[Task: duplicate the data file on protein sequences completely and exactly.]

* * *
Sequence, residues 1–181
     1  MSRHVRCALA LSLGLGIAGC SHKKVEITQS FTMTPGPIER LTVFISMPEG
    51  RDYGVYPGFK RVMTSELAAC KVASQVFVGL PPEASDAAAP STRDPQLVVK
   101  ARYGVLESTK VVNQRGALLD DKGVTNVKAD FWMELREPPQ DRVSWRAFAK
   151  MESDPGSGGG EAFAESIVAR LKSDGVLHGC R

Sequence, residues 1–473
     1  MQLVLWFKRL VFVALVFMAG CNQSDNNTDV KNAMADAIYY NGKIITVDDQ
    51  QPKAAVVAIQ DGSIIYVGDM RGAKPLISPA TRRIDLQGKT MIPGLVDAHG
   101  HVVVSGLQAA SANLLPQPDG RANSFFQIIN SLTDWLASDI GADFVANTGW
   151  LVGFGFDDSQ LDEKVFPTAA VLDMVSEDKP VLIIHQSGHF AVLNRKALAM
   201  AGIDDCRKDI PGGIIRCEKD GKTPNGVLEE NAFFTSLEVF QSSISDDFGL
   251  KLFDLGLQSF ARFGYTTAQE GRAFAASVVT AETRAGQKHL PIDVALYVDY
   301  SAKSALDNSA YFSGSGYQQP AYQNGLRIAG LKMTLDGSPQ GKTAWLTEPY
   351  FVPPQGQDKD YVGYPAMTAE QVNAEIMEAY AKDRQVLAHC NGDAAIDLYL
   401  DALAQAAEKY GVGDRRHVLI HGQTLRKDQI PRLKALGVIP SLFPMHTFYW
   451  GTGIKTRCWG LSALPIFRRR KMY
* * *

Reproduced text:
Sequence, residues 1–181
     1  MSRHVRCALA LSLGLGIAGC SHKKVEITQS FTMTPGPIER LTVFISMPEG
    51  RDYGVYPGFK RVMTSELAAC KVASQVFVGL PPEASDAAAP STRDPQLVVK
   101  ARYGVLESTK VVNQRGALLD DKGVTNVKAD FWMELREPPQ DRVSWRAFAK
   151  MESDPGSGGG EAFAESIVAR LKSDGVLHGC R

Sequence, residues 1–473
     1  MQLVLWFKRL VFVALVFMAG CNQSDNNTDV KNAMADAIYY NGKIITVDDQ
    51  QPKAAVVAIQ DGSIIYVGDM RGAKPLISPA TRRIDLQGKT MIPGLVDAHG
   101  HVVVSGLQAA SANLLPQPDG RANSFFQIIN SLTDWLASDI GADFVANTGW
   151  LVGFGFDDSQ LDEKVFPTAA VLDMVSEDKP VLIIHQSGHF AVLNRKALAM
   201  AGIDDCRKDI PGGIIRCEKD GKTPNGVLEE NAFFTSLEVF QSSISDDFGL
   251  KLFDLGLQSF ARFGYTTAQE GRAFAASVVT AETRAGQKHL PIDVALYVDY
   301  SAKSALDNSA YFSGSGYQQP AYQNGLRIAG LKMTLDGSPQ GKTAWLTEPY
   351  FVPPQGQDKD YVGYPAMTAE QVNAEIMEAY AKDRQVLAHC NGDAAIDLYL
   401  DALAQAAEKY GVGDRRHVLI HGQTLRKDQI PRLKALGVIP SLFPMHTFYW
   451  GTGIKTRCWG LSALPIFRRR KMY